Overcoming Imposter Syndrome in the Workplace

Overcoming Imposter Syndrome in the Workplace

"I'm not smart enough."

"They're just being nice."

"My boss will eventually fire me when she finds out she’s overestimated my abilities.”

These are some of the comments I heard from my friend after she found out she’d been promoted at work. It’s the type of advancement in her career that she’s been hoping for. But instead of celebrating the news, she spiraled into full blown panic and wants to turn down the offer. Why?

As an intelligent, hardworking and resourceful individual this promotion is something she is 100% capable of tackling. Yet, the woman hasn’t even attempted the job and she’s already labelling herself inadequate, incompetent, and a failure.

And she’s not alone in these self-sabotaging thoughts that create a perpetuating cycle of self-doubt. At some point in our lives, approximately 70% of people experience what is known as imposter syndrome.

What is imposter syndrome?

Have you ever felt like a fraud? Or had to guess or bullshit your way through a situation? Imposter syndrome is a feeling of being out of your depths in a situation you’re already entrenched in. Internally you feel as though you’re not skilled, qualified or experienced enough to justify being where you are.

Imposter syndrome is a pervasive feeling of self-doubt, insecurity and the unshakable belief that your successes are due to luck rather than abilities and knowledge. Despite our impressive accomplishments, our self-limiting beliefs prevent us from appreciating our success.

Imposter syndrome at work: why it’s a problem.

It’s an incessant challenge that I see negatively affect my peers – and myself – while we build our careers. As is the case with my friend, the fear of failing creates a barrier for productivity and innovation, holding back perfectly capable and bright individuals from accepting promotions and achievements that they’ve earned.

Turning imposter syndrome into a force for good

There is no quick fix or solution to this feeling. It doesn’t go away with any form of success. In fact, success will often heighten those thoughts of “How the hell did I get here?” But I’ve learned from Mike Cannon-Brookes, co-CEO and founder of software company Atlassian, that it’s not all bad to experience this feeling.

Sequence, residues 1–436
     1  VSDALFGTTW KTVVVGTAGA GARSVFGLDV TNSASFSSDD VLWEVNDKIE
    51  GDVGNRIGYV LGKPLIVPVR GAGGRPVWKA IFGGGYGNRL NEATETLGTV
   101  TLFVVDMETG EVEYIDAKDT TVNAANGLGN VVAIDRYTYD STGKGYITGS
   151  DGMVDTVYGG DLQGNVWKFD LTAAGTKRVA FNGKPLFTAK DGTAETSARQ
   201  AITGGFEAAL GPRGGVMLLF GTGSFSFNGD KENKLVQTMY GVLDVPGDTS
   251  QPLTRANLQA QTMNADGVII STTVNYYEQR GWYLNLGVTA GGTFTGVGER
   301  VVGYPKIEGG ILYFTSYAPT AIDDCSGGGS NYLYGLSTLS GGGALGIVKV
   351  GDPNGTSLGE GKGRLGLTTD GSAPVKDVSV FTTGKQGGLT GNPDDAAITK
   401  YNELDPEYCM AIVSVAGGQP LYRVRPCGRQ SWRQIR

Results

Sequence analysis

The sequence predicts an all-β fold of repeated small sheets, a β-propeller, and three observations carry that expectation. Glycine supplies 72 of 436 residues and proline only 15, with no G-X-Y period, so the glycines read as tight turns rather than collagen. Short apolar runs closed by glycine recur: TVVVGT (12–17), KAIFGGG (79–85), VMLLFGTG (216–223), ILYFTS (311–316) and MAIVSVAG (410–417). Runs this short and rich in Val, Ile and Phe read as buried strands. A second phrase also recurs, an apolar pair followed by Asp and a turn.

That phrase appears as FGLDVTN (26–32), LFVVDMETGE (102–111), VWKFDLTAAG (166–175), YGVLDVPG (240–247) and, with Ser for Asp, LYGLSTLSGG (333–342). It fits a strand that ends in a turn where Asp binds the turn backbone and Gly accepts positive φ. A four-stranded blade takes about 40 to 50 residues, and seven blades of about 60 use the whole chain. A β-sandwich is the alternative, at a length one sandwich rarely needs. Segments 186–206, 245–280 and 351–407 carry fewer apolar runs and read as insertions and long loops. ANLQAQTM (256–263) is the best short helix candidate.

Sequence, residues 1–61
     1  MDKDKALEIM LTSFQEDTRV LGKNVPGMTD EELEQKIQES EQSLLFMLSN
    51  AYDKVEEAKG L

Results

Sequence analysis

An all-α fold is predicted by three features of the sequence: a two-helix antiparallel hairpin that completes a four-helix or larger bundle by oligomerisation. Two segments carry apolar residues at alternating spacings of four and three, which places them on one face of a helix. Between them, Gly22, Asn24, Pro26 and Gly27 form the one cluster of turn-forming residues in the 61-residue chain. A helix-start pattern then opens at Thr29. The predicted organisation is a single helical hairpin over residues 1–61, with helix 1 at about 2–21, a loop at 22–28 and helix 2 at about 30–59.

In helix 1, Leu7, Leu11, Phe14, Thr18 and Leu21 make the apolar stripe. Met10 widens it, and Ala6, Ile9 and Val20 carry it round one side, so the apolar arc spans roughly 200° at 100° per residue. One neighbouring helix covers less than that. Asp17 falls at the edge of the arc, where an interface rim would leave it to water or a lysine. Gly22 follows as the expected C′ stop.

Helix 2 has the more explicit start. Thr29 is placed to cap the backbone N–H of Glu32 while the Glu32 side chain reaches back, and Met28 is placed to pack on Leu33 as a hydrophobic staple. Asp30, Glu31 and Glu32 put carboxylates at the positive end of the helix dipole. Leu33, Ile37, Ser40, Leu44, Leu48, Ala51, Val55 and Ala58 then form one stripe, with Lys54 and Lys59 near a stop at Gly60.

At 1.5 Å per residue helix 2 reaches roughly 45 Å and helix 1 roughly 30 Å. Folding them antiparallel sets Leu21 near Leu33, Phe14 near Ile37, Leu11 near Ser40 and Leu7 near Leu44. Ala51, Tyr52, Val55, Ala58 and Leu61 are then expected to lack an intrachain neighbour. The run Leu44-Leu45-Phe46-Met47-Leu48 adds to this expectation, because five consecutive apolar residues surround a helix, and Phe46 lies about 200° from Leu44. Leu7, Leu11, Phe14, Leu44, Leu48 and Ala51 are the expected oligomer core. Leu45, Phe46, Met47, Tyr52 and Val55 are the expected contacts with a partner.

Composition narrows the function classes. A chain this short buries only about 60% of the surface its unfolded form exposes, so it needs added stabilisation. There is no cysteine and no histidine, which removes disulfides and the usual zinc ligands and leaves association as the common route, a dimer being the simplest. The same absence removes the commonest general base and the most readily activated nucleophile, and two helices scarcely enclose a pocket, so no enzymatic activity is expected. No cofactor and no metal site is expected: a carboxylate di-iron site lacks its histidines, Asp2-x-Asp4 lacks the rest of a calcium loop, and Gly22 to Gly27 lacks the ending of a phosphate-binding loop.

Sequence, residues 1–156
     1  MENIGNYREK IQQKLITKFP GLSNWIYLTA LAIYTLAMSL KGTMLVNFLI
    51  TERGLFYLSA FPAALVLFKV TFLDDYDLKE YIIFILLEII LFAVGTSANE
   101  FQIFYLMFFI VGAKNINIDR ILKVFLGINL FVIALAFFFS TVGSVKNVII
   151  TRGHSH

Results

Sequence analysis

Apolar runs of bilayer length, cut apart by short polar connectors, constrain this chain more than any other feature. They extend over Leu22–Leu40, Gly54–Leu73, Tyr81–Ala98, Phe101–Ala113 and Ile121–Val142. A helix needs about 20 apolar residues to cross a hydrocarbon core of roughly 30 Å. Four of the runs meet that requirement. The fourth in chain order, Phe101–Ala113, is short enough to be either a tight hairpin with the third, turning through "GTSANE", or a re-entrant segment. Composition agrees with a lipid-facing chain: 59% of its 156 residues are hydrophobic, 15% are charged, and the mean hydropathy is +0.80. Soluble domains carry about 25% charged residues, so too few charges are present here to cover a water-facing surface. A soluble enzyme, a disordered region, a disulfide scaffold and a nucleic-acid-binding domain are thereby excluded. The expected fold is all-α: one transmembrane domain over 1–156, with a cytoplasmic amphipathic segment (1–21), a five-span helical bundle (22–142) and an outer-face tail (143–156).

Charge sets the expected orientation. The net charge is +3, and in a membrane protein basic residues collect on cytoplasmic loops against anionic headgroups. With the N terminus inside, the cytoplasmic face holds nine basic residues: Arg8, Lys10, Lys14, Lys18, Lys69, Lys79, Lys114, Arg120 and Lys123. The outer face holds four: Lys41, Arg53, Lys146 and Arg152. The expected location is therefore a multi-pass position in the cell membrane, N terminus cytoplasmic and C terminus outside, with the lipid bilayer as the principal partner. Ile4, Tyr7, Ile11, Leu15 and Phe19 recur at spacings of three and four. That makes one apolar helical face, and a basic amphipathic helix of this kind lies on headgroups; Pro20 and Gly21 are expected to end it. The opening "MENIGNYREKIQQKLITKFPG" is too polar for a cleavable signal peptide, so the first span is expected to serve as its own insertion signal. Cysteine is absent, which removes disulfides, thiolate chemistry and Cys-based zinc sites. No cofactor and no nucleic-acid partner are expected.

We can learn to harness our experiences with imposter syndrome and turn them into a force for good. Here are some helpful ways to work towards overcoming imposter syndrome:

Stop thinking like an imposter

If you go home every day feeling like a fraud, it’s time to recognize those self-defeating thought patterns. Replace them with more positive affirmations. The more self-aware you become at identifying your strengths, the better equipped you’ll be to eliminate negative self-talk.

Learn the difference between self-efficacy and self-confidence

Many people believe that the key to overcoming imposter syndrome is to increase your self-confidence or your self-esteem. But let’s be realistic. If I wake up tomorrow and tell myself “I’m just going to be more confident from here on out”, it’s probably not going to work. It’s very hard to increase your self-confidence. Instead, a trick to eventually increase it is to focus on your self-efficacy.  

Self-efficacy refers to the belief of your ability to perform specific tasks. If you do something that leaves you with measurable evidence of your abilities, it can eventually increase your self-esteem. Think about ways where you can add up small victories and accomplishments.

For example, I used to be terrified of speaking to customers on the phone. I felt that I wasn’t experienced or qualified enough to answer their questions. But I’d make the calls and they’d go well – again and again. But I’d still doubt myself before every call. Until one day before calling a customer, I thought to myself “Why am I nervous? I’ve proven that I can do this. The hard evidence is in my call log. And I called that customer with confidence.

Accept praise

Just accept the compliments. Accept your achievements. Write them down even. When you start to doubt yourself, the proof of your abilities will be added up right there in front of you.

Don’t seek perfection

Accept that you can’t excel at every facet of your job. Facing challenges and failures is a fundamental part of growth, so recognize that you don’t have to be good at everything.

Feel the fear and do it anyway

The fear will never go away as long as you continue to grow. You’re not going to learn or improve at anything if you’re sitting comfy. Though the anxiety associated with imposter syndrome can often be debilitating, it’s important to recognize that your fear is in response to you actually doing something with courage. Feeling fear because you made a choice to act is far better than feeling regret because you ignored your ambition. 

Know you’re not alone

Seriously. 70% of us experience imposter syndrome. And my guess is that majority of this percentage are very successful people. We’re all human. We all deal with self-doubt sometimes. 

The Silver Lining 

While imposter syndrome can cause us some stress, there’s a small silver lining associated with it. People who continually try to prove that they are good enough work harder and are intrinsically motivated to do their best, and then some. This is great for performance and achievements and is particularly positive for employers.

Individuals who experience imposter syndrome also make great consultants or project workers. Why? They don’t take their gig for granted and strive to prove themselves on every project.

Let's focus on this silver lining and harness our experiences with imposter syndrome and turn them into a force that drives us towards self-awareness and growth.

Sarah Visca
Sarah Visca is the Operations Manager at ConnectsUs HR, a company that provides tools & resources to quickly set up a Human Resources department.  
You can contact her here